vector<int> v {1,2,3,4,5,6};
    v.erase( begin(v)+2 );
    
      
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    vector<int> v {1,2,3,4,5,6};
    v.erase( begin(v)+1,          begin(v)+4 );
     
      
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    Erasing does not affect the vector's capacity, i.e., no memory is freed.

    Shrink The Capacity / Free Memory Shrink The Capacity Shrinking

    Erasing elements from a vector does never change the capacity and thus never frees any memory.
    Shrinking:
    • make temporary copy ⇒ copy does exactly fit the elements
    • exchange memory buffers by swapping/moving
    • temporary gets automatically destroyed
    vector<int> v;
    
    // add a lot of elements … // erase elements …
    // shrink: make a new copy and // replace v's content with it: v = vector<int>(v); // or: v.swap( vector<int>(v) );

    Attention After Insert/Erase! After Insert/Erase Attention!

    All iterators into a vector are invalidated if its capacity is changed or elements are moved by insert, push_back, emplace, emplace_back, erase, =, assign, resize, reserve. (Swapping two vector's contents does not invalidate iterators, except for the end iterator.)

    vector<int> v {0,1,2,3,5,6};
    auto i = begin(v) + 3;

    use of iterator after insert/erase:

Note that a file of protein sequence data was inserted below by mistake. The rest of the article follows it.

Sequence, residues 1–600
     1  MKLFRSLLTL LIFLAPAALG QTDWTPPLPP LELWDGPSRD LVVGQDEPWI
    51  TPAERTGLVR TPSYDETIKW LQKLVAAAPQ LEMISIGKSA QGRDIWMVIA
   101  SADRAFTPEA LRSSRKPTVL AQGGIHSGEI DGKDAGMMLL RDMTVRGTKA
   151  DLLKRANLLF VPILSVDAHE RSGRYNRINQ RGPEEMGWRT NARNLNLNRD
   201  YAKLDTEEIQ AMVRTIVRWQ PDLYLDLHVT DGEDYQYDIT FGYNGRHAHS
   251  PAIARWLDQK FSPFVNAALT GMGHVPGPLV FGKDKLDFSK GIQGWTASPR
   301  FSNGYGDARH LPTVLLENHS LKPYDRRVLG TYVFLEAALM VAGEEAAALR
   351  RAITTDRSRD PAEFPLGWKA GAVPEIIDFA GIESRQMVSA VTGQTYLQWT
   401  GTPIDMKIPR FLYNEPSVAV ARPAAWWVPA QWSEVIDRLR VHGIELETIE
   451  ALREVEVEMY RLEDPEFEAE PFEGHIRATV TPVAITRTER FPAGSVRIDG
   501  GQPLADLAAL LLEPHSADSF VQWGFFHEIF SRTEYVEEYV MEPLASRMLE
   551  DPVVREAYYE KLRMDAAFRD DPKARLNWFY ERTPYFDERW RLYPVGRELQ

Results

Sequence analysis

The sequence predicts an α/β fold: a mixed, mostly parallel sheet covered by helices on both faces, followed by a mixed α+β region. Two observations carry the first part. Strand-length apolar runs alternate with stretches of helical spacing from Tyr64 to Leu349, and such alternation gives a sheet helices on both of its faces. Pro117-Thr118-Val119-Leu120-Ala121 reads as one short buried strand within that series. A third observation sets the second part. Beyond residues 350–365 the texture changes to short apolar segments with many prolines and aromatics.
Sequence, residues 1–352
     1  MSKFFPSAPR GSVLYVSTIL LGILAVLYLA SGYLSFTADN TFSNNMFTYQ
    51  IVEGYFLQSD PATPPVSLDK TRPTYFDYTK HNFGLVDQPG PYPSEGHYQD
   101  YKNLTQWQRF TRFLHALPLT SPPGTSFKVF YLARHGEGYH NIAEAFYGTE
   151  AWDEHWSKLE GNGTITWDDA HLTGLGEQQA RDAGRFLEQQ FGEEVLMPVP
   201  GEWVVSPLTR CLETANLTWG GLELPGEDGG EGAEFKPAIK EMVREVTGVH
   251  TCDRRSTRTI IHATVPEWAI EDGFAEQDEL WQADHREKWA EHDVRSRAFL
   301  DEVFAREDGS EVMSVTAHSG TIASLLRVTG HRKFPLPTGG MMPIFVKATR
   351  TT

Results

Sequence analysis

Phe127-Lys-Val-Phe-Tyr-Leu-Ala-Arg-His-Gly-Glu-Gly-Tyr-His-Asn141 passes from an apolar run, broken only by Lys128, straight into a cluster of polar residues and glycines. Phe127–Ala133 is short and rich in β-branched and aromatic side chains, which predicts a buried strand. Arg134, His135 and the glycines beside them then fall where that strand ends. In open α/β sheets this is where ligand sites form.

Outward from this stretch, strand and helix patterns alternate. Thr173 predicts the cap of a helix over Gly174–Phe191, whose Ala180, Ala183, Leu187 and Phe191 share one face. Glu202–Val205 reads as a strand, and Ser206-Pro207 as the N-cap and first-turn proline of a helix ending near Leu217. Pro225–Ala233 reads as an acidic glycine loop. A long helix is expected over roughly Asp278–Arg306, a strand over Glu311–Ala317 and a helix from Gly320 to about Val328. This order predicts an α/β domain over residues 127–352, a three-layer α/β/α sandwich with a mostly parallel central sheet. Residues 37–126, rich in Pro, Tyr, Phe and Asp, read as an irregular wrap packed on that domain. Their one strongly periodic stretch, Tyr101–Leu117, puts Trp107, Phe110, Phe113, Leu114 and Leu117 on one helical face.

v.insert(i,8);
    cout << *i; // 
    v.erase(i);
    cout << *i; // 
    • use new valid iterator returned by insert/erase
    • the returned iterator refers to the original position
    i = v.insert(i,8);
    cout << *i;
    i = v.erase(i);  
    cout << *i;
    Operations Invalidated Iterators
    read only none
    swap, std::swap only end()
    reserve, shrink_to_fit if capacity changed: all
    else: none
    push_back, emplace_back if capacity changed: all
    else: only end()
    insert, emplace if capacity changed: all
    else: only at or after insertion point (incl. end())
    resize if capacity changed: all
    else: only end() and iterators to erased elements
    pop_back iterators to erased element and end()
    erase iterators to erased elements and all after them (incl. end())
    clear, operator=, assign all

    deque<T> deque

    Double Ended Queue 
    • constant-time random access (extremely small overhead)
    • fast traversal; good for linear searches
    • good insertion and deletion performance at both ends